$15.5 million in insurance claims paid out in WA, OR and ID last year because of dog bites
SEATTLE, April 10, 2017 – For many households, dogs are a source of loyal and unconditional love and are, in most cases, “man’s best friend”. On the other hand, dogs also contribute to a substantial number of insurance claims. As part of Dog Bite Prevention Week (April 9-15), insurers are encouraging dog owners to get their pets properly trained to avoid unexpected attacks and costly dog bite claims.
In 2016, insurers in Washington paid 313 dog bite claims totaling $9.1 million. In Oregon, insurers paid 195 dog bite claims totaling $4.6 million, and in Idaho insurers paid 67 dog bite claims totaling $1.8 million. Nationally, injuries from dog bites account for one-third of all Homeowners insurance liability claims, costing $600 million in 2016 - up 18 percent from 2015, according to the Insurance Information Institute (I.I.I.). The average cost of a dog bite claim last year was $33,230.
Each year, more than 4.5 million people in the United States are bitten by dogs, resulting in an estimated 800,000 injuries that need medical attention, according to the American Veterinary Medical Association (AVMA). Children are the most common victims of dog bites, followed by senior citizens.
“For so many of us, our dogs are family, and millions of times each day, people and dogs interact happily, without any negative consequences,” said Kenton Brine, president of the NW Insurance Council. “And most of the time, dog bites can be prevented through education and responsible dog ownership.”
Homeowners and Renters insurance policies typically cover dog bite liability, which means that if a pet you own injures someone and they suffer an injury and/or seek damages, your insurance helps pay the cost of your defense and pay damages up to the limits of the policy. Most policies provide $100,000 to $300,000 in liability coverage. If the claim exceeds the limit of a policy, the dog owner is responsible for any damages above that amount, including legal expenses.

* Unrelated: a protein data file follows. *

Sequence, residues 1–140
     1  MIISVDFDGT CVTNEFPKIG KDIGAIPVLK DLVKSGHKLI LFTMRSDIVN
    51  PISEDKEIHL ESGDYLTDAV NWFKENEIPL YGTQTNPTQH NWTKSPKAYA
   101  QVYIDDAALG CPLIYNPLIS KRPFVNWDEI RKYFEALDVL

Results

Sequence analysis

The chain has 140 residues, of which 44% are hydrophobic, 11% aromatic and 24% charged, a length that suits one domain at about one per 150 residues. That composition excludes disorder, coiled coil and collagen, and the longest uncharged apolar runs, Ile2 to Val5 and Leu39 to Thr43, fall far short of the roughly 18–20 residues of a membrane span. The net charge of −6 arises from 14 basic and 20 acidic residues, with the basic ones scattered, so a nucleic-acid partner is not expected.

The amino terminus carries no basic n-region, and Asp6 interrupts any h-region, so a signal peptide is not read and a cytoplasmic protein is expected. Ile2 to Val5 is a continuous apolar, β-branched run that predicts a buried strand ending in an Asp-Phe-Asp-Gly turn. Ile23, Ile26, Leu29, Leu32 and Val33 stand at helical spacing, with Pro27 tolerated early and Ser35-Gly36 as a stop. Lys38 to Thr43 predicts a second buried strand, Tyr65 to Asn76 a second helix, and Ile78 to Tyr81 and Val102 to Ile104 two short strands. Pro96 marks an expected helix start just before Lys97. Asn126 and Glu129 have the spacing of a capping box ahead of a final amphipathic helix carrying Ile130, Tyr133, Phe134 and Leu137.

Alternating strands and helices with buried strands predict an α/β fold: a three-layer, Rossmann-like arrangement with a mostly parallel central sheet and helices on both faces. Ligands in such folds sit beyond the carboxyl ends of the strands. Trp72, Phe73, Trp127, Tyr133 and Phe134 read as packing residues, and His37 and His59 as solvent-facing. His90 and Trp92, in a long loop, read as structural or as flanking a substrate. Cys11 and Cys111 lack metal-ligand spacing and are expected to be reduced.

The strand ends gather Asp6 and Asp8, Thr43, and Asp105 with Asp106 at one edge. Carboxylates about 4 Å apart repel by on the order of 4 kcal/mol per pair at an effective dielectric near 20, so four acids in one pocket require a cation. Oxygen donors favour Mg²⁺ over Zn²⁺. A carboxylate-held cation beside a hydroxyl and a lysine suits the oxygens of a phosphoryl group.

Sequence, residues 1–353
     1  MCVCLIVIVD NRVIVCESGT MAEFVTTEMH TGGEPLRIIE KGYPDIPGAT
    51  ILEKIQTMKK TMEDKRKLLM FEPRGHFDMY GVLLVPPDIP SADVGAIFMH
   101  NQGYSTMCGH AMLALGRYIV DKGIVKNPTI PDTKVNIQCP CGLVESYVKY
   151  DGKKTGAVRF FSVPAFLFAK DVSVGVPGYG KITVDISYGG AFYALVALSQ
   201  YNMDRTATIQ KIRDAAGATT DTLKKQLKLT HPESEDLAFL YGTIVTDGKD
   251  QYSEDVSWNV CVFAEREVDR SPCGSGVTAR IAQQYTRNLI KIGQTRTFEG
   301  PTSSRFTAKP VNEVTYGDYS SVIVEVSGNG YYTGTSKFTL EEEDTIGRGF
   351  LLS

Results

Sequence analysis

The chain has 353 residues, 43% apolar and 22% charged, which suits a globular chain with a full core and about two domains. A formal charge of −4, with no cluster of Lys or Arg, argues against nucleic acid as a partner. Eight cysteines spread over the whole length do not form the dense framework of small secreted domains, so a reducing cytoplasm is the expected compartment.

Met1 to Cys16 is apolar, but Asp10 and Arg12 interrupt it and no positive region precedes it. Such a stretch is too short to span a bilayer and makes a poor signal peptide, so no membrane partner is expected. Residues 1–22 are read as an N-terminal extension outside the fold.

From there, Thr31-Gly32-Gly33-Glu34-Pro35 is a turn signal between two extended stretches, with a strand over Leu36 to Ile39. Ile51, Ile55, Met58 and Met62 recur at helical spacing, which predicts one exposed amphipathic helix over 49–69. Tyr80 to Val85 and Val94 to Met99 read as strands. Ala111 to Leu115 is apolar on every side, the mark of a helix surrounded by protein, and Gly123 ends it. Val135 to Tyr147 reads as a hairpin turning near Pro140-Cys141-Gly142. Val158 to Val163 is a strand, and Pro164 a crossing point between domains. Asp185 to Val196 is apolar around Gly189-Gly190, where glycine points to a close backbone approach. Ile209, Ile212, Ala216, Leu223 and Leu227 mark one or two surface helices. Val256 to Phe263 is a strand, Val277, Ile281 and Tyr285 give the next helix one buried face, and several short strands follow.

It’s also important to contact your insurance agent to find out if your company insures your dog’s breed.
Most – but not all - insurance companies insure homeowners with dogs. Some companies exclude certain breeds from coverage while many focus on the individual dog’s behavior. Once your dog bites someone, however, most insurance companies recognize it as an increased risk. Your insurance company then may charge a higher premium, suggest you find the dog a new home, non-renew your Homeowners Insurance policy or exclude your dog from coverage.
“Every insurance company has its own underwriting guidelines,” Brine said. “But a dog with a history of biting will be harder to insure or, at minimum, will increase your cost for Homeowners insurance.”
Dog that are normally docile and friendly may bite if they become frightened or startled, or if they are defending their toys, food or puppies. NW Insurance Council offers these tips to help reduce the risk of your dog biting someone:
- Spay or neuter your dog. Studies show that dogs are three times less likely to bite if they have been neutered.
- Socialize your dog so that it becomes more comfortable around people and other animals. Also, always leash your dog in public so you are better able to maintain control.
- Discourage children from disturbing a dog that is eating or sleeping, and always supervise children when they are around dogs.
- Play non-aggressive games such as fetch. Playing aggressive games like tug-of-war can encourage inappropriate behavior.
- Always ask an owner for permission before petting their dog, and make sure your children do the same before petting an unfamiliar dog.
- Do not approach a strange dog and avoid eye contact with a dog that appears threatening.
For more information on dog bites and insurance, visit NW Insurance Council or call (800) 664-4942.
NW Insurance Council is a nonprofit, public-education organization funded by member insurance companies serving Washington, Oregon and Idaho.